Last season, the Orioles’ opening day starting rotation made 112 of the team’s 162 starts. That means 30 percent of the Orioles starts came from pitchers not originally in the O’s rotation. In fact, 14 pitchers made starts for the Orioles in 2013. Five pitchers made 10 starts or less, four made just one start. Scott Feldman, who was acquired at the trade deadline, made 10 more starts with the Orioles than Jake Arrieta, the team’s No. 4 starter at the beginning of the season.
All these numbers are just my way of showing you that the starting five we’ve seen the first 14 games of the season won’t be the same five we see in September. It just doesn’t happen. There will unfortunately be injuries or bad performances that will lead to some changes. Every team undergoes those difficulties over the long season.
When changes are made, the Orioles’ top candidate very well be Zach Britton, who threw three more stellar innings on Wednesday afternoon against the Rays. To date, Britton has appeared in six games, throwing 11 1/3 innings, scattering four hits and surrendering no runs. Opponents are batting just .111 off him on the young season. No Orioles reliever has thrown more innings than Britton this season and the lefty is one of three bullpen arms that have not surrendered an earned run this season (Evan Meek and Darren O’Day are the others). Needless to say, he’s been incredibly valuable to Buck Showalter in his current role.
In 2013, Britton was one of those 14 pitchers making starts in the Orioles rotation. He made seven of them. Over 36 1/3 innings pitched, Britton posted a 5.45 ERA, 1.761 WHIP and .318 batting average against as a starter.
He appears to be a different guy now though, inducing grounders 86.2 percent of the time a ball is put in play. That’s a 28.2 percent increase from last season. So is Britton a different guy this year? Is his stuff ready for the starting five? It’s certainly worked over his first six appearances this year.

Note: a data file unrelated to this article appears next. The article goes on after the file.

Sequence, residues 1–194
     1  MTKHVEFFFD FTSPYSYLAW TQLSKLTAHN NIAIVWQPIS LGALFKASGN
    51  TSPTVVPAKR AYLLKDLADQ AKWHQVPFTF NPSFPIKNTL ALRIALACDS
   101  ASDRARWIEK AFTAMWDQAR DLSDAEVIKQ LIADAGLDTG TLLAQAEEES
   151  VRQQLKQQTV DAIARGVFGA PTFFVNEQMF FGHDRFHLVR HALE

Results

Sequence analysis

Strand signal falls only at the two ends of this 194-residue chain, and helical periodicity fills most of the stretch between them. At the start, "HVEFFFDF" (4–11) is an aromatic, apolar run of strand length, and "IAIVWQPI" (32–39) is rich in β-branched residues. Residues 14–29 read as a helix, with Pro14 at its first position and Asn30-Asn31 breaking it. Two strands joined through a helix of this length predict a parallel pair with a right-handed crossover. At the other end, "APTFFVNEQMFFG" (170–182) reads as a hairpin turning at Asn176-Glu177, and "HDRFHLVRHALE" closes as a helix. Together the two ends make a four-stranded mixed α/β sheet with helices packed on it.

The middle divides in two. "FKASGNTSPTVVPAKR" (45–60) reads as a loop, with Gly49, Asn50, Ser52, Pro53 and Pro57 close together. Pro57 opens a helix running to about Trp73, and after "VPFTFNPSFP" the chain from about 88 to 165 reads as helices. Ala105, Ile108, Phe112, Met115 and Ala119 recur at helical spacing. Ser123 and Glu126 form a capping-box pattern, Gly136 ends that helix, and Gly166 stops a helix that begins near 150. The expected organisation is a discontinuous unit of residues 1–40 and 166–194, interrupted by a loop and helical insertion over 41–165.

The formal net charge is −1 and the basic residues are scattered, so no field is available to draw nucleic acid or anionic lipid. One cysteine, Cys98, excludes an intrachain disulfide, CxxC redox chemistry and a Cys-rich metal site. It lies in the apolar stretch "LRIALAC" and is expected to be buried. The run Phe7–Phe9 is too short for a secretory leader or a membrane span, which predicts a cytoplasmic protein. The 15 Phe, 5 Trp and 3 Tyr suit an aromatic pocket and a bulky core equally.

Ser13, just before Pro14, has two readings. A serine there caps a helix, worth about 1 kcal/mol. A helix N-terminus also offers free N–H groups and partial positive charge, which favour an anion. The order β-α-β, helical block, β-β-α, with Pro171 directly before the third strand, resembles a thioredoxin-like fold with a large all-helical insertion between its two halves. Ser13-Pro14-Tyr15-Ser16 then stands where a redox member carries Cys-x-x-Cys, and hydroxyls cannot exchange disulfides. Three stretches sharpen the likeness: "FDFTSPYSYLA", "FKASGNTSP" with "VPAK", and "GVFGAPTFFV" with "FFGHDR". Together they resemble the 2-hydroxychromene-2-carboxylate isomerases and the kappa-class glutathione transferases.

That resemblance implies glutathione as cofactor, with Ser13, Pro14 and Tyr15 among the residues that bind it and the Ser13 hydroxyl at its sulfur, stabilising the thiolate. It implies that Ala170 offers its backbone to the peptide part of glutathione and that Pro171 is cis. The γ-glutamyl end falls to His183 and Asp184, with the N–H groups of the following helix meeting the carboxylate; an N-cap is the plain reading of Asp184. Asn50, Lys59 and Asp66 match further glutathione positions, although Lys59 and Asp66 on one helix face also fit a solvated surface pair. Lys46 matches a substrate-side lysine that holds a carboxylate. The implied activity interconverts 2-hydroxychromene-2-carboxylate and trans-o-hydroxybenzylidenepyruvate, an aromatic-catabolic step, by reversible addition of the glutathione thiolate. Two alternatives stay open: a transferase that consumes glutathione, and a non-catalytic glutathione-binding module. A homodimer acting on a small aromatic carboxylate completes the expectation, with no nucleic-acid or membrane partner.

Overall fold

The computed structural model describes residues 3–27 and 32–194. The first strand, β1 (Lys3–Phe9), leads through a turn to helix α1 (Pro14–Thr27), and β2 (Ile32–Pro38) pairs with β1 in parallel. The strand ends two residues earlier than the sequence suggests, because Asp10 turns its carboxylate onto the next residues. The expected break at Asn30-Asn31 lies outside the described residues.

According to BrooksBaseball.net’s PITCHf/x data, Britton has thrown only two different types of pitches this season, a sinker and a slider. He’s throwing that sinker more than 90 percent of the time, relying on the slider the other 10 percent. As a starter last season, we saw Britton work in a four-seam fastball, changeup and curveball into his repertoire of pitches. He threw to sinker the most, but only 37.67 percent of the time. Britton would likely have to work in those other pitches if he were to be moved to the rotation.
Additionally, we’ve also seen a spike in his velocity on the sinker out of the ‘pen. This season, his average velocity on the pitch is 95.38 mph, while last season it was clocked at an average speed of 92.47 mph. This revelation is nothing new. Orioles fans may remember a similar change when Tommy Hunter was moved from the rotation to the bullpen. It’s a pretty common occurrence around baseball, as relievers don’t have to hold back and pace themselves as much as starters.
Like most pitchers, Britton has seen his numbers dip his second and third times through an opponent’s starting lineup. His ratio of strikeouts to walks goes from 2.10 to 1.67 and 0.85 each time through the order. Though it’s possible that could change with his new and improved sinker.
It’s tough to say when the Orioles will need to go to a sixth starter for the first time this season, and I’m sure that when they have they have to make that decision, Britton’s name will be mentioned. Right now, he’s such an important and dominant arm out of the Orioles bullpen that I personally feel he’s a better fit in relief.
Zach Wilt blogs about the Orioles at Baltimore Sports Report. Follow him on Twitter: @zamwi. His views appear here as part of MASNsports.com’s season-long initiative of welcoming guest bloggers to our pages. All opinions expressed are those of the guest bloggers, who are not employed by MASNsports.com but are just as passionate about their baseball as our roster of writers.